Every shift we were scheduled together, I was concerned about how I could both honor God and have good work relationships. But as one lunch rush led to another, I realized my coworkers weren’t particularly interested in my opinions.

They were interested in whether I’d help them when they were swamped.

They were interested in picking up a shift for me if I needed time off.

They were interested in being decent to their coworkers and giving their tables a nice experience at our restaurant and making good tips—just like me.

Scurrying to refill drinks, polishing silverware and sweeping floors, begging the cooks to hurry up on that new batch of bread, we were neighbors.

If I’d worked at that restaurant longer than a few months and had a chance to get to know those two better, the day may well have come to share my convictions. But for the time I was there, it was enough that they knew I was a Christian, and that a Christian could be their neighbor.

Read the rest here.

Posted in , , ,

Thanks to Rare for publishing my latest:

The rule of law has always been integral to the American system. It hasn’t always been followed, of course, but as Glenn Greenwald has noted “even when this principle was being violated, its supremacy was also being affirmed: resoundingly and unanimously in the case of the founders.”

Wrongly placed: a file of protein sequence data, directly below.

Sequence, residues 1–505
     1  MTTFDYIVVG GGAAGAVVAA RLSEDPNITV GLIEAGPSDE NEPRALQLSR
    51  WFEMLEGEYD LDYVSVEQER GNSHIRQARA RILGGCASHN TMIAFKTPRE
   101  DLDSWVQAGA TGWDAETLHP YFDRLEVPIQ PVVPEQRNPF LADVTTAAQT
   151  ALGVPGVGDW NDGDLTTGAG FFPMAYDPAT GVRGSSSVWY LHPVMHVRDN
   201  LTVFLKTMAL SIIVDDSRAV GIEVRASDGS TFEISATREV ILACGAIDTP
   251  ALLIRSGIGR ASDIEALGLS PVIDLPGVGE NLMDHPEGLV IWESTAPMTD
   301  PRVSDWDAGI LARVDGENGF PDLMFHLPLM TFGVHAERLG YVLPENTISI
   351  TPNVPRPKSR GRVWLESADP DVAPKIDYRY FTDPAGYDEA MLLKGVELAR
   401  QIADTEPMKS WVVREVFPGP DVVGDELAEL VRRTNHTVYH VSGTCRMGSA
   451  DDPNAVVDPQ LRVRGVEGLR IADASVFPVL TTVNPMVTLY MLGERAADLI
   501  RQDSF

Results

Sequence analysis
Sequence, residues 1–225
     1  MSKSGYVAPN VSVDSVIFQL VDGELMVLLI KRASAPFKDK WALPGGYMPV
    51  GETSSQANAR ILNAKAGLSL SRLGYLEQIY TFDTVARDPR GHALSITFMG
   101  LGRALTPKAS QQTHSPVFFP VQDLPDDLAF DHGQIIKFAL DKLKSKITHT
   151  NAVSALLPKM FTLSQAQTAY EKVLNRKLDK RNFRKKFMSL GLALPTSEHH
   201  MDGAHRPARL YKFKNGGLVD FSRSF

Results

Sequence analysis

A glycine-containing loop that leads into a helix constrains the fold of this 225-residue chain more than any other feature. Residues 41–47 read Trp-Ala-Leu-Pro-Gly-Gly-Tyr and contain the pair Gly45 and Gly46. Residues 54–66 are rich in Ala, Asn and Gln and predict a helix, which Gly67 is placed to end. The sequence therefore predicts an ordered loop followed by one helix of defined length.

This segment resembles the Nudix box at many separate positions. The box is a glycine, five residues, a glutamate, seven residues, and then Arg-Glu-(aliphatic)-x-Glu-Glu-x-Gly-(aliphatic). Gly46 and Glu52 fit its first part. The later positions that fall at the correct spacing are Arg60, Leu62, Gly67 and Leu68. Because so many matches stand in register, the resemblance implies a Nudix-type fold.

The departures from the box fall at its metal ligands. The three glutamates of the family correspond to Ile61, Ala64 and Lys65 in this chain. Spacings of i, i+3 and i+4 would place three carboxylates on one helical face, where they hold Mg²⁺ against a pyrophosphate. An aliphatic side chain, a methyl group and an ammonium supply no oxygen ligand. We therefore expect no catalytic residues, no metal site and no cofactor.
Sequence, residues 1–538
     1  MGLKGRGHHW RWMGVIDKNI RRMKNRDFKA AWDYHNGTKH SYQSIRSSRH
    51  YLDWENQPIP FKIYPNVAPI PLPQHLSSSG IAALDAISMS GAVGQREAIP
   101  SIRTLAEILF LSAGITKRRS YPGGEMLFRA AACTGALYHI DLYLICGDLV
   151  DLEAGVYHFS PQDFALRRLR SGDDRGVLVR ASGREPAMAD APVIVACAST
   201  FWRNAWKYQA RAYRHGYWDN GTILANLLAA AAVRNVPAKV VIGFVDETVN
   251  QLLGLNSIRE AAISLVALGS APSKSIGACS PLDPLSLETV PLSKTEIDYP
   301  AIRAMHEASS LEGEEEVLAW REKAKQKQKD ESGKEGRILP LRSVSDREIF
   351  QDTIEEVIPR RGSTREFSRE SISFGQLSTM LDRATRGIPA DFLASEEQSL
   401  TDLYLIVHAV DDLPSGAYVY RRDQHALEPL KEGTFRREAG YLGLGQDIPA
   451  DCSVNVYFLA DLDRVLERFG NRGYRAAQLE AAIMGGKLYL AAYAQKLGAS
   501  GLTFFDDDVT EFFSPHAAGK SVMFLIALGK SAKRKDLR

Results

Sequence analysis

Unlike some European monarchies, where laws could be changed on the mere whim of some dictatorial—or even insane—ruler with absolute power, our founders sought to design what John Adams called, “a government of laws and not of men.”

And while the results certainly weren’t perfect, the goal was admirable: To guard liberty by building our government on impartial law, not the caprice of one person.

But what do you do when enforcing the rule of law could be bad for liberty?

That’s the dilemma we find ourselves in today, particularly due to a new, headline-making bill backed by Senator Rand Paul.

Paul is backing the “ENFORCE the Law Act,” which has already passed the House. It’s designed to strengthen the rule of law by allowing Congress to bring suit against anyone in the executive branch who refuses to follow or administer laws already on the books.

Now, at first glance, this sounds like a good idea for enforcing a major constitutional function of the presidency: “he shall take care that the laws be faithfully executed.” And it’s not like the rule of law couldn’t use some help these days. The law is anything but king—and it hasn’t been for a long time, as each new NSA revelation makes painfully clear.

Politicians regularly ignore the rule of law for their own convenience… and at our expense. This need for accountability is basically the argument Sen. Paul has made:

[Congress writes] laws and [the President] is just deciding willy-nilly if he likes it he enforces it, if he doesn’t, he won’t enforce it, and we really think he needs to be chastened, rebuked, and told that he needs to obey the Constitution.

Reasonable enough, right? The President shouldn’t have the arbitrary power to pick and choose which laws he wants to enforce and which he doesn’t.

So why is Paul catching flak for his decision?

Read the rest here.

Posted in , , ,

« Older Entries   Newer Entries »